was an American architectural photographer best known for his photograph Case Study House #22, Los Angeles, 1960. Pierre Koenig, Architect
. The house is also known as the Stahl House
. Shulman's photography spread the aesthetic of California's Mid-century modern architecture around the world. Through his many books, exhibits, and personal appearances his work ushered in a new appreciation for the movement beginning in the 1990s.
His vast library of images currently resides at the Getty Center
in Los Angeles. His contemporaries include Ezra Stoller
and Hedrich Blessing
photographers. In 1947, Julius Shulman asked architect Raphael Soriano
to build a mid-century steel home and studio in the Hollywood Hills.
Some of his architectural photographs, like the iconic shots of Frank Lloyd Wright
's or Pierre Koenig
's remarkable structures, have been published countless times. The brilliance of buildings like those by Charles Eames
, as well as those of his close friends, Richard Neutra
and Raphael Soriano
, was first brought to wider attention by Shulman's photography. The clarity of his work added to the idea that architectural photography be considered as an independent art form in which perception and understanding for the buildings and their place in the landscape informs the photograph.
Many of the buildings photographed by Shulman have since been demolished or re-purposed, lending to the popularity of his images.
I’m not modest about myself. I know for a fact that I am good. But good in the sense that I can put things together. I expound vociferously to students of architecture and photography, the significance of design. A photograph is a design in which you assemble thoughts in your mind.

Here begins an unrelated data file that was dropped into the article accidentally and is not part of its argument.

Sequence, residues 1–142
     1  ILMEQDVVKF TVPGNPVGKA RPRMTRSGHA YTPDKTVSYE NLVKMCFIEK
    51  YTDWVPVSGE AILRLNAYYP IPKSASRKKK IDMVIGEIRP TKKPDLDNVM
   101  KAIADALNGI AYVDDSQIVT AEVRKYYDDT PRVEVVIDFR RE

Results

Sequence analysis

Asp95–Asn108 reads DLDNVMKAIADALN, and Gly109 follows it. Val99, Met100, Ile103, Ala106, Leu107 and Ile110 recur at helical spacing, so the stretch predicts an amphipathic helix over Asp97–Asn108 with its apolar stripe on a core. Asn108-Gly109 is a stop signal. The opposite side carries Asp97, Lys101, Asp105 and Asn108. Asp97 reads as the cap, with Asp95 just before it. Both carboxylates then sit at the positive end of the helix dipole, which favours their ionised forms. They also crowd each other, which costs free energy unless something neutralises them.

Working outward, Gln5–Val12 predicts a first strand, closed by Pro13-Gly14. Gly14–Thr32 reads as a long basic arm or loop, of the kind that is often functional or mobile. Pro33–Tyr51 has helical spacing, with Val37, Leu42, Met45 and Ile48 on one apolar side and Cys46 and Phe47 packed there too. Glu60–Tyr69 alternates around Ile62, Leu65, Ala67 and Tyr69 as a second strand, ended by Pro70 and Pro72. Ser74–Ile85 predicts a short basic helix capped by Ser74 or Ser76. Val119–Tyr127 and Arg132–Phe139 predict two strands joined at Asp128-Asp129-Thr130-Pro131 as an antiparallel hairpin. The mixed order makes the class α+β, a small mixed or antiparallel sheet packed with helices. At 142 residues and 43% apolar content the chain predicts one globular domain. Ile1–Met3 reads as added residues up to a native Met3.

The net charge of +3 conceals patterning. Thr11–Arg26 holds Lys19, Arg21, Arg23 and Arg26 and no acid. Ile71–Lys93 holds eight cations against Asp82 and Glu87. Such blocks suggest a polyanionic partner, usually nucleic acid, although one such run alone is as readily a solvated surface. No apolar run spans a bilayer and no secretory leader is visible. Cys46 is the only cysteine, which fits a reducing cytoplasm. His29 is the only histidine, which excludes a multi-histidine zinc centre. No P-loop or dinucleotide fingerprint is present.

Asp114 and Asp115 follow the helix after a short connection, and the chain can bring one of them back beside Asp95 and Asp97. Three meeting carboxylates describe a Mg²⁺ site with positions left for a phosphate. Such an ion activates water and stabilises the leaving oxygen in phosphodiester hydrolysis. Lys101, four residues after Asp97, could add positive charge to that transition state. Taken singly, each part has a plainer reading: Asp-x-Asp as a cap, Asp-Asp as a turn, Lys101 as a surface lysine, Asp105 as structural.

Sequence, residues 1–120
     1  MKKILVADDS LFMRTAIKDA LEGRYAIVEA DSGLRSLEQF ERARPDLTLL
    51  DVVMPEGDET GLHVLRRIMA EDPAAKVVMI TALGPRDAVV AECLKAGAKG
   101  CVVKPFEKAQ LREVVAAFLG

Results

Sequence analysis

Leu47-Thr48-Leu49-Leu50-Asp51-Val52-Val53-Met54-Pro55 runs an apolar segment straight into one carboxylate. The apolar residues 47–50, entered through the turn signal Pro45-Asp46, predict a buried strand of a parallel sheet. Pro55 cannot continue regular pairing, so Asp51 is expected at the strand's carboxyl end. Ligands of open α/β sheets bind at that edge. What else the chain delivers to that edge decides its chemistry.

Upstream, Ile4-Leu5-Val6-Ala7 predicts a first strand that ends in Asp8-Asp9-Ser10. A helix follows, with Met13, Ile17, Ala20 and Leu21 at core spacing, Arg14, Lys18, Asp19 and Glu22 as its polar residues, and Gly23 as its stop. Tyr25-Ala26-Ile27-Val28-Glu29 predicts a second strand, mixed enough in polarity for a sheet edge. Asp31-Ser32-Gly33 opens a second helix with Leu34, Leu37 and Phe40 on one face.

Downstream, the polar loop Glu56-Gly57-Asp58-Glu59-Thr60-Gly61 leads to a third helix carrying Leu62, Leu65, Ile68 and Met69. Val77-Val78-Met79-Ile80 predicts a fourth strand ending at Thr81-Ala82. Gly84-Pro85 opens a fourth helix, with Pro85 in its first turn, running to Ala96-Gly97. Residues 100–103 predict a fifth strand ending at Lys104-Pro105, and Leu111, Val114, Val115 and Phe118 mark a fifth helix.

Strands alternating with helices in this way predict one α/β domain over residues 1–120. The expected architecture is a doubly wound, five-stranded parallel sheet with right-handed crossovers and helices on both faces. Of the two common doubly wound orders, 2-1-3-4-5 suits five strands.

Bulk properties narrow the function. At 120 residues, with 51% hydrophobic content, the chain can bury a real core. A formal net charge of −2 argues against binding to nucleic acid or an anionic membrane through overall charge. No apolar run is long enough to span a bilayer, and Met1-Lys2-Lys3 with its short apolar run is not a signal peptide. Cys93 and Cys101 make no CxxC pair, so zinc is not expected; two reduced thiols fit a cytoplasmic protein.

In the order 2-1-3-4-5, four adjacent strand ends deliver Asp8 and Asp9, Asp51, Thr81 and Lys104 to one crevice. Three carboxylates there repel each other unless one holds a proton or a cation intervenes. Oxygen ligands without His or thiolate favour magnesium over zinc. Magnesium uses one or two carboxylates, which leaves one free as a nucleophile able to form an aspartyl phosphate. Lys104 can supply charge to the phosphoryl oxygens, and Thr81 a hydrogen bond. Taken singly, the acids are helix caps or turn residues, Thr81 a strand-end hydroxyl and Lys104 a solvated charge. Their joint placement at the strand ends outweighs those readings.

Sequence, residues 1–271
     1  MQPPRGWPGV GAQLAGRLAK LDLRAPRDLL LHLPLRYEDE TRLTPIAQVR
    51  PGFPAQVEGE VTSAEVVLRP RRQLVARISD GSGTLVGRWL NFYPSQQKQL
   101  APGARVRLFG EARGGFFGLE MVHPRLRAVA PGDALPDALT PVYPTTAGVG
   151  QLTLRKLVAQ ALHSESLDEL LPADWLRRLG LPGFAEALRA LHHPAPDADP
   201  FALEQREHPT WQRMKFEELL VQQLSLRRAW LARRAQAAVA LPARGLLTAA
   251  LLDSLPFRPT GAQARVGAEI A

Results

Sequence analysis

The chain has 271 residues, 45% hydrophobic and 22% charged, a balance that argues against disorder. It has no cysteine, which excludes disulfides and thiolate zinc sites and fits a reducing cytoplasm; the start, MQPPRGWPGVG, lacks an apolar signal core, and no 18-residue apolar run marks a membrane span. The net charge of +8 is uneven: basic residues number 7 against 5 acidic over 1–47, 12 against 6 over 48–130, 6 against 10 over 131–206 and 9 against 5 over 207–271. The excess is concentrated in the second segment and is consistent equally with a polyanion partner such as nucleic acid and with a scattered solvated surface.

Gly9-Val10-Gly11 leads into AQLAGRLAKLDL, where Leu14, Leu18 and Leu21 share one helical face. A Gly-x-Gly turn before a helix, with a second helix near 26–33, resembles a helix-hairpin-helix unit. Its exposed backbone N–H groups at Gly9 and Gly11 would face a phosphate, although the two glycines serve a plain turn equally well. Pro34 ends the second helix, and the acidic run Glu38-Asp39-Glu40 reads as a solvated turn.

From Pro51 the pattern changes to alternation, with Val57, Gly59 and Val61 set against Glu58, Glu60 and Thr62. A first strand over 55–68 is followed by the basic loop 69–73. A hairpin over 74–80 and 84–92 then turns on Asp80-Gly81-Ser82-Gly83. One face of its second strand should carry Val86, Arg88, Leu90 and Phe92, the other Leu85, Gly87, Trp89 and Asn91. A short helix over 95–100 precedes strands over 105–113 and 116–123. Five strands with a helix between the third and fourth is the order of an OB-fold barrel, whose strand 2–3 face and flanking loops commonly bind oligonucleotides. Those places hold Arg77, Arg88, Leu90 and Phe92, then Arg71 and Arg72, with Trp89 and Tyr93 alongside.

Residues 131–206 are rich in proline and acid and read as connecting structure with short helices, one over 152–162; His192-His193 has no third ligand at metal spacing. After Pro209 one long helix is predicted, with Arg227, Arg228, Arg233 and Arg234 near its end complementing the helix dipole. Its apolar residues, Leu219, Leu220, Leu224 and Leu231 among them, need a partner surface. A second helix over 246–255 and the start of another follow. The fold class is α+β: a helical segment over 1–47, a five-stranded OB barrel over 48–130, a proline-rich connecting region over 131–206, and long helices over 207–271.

-- Julius Shulman
Julius Shulman was born in Brooklyn to Russian-Jewish parents on October 10, 1910, and grew up on a small farm in Connecticut before moving to Los Angeles while still a boy. He briefly attended the University of California, Los Angeles and the University of California, Berkeley, and earned pocket money by selling his photographs to fellow students. In 1936 he returned to Los Angeles, where he was enlisted by a friend, working as a draftsman for Richard Neutra, to take photographs of a new, Neutra-designed Kun Residence in Hollywood with his amateur Kodak Vest Pocket camera. When Neutra saw the pictures, he asked to meet the photographer and proceeded to give him his first assignments which assisted Shulman in launching his career in architectural photography. Shulman opened a studio in Los Angeles in 1950, by that time drawing much of his work from magazines based in New York. He remained in business full-time until the late 1980s. In 2000, Shulman gave up retirement to begin working with business partner Juergen Nogai
The Getty Research Institute held a 2005–2006 exhibition of Shulman's prints entitled Julius Shulman, Modernity and the Metropolis
. The exhibition included sections entitled Framing the California Lifestyle
, Promoting the Power of Modern Architecture
, The Tools of an Innovator
and The Development of a Metropolis
. The exhibition traveled to the National Building Museum
and to the Art Institute of Chicago
In 1987, the Shulman House was designated a Cultural Heritage Monument
by the city of Los Angeles. Shulman himself had a Golden Palm Star on the Palm Springs Walk of Stars dedicated to him in 2006. He died at his home in Los Angeles, California on July 15, 2009; he was 98 years old. He was buried at Hillside Memorial Park Cemetery in Culver City, California.
I sell architecture better and more directly and more vividly than the architect does... The average architect is stupid. He doesn’t know how to sell. He’s not a merchandiser. He doesn’t know how to express his own image. He doesn’t know how to create a design of his image... And I do it. I’ve done it all my career over half a century, and it gets better.
-- Julius Shulman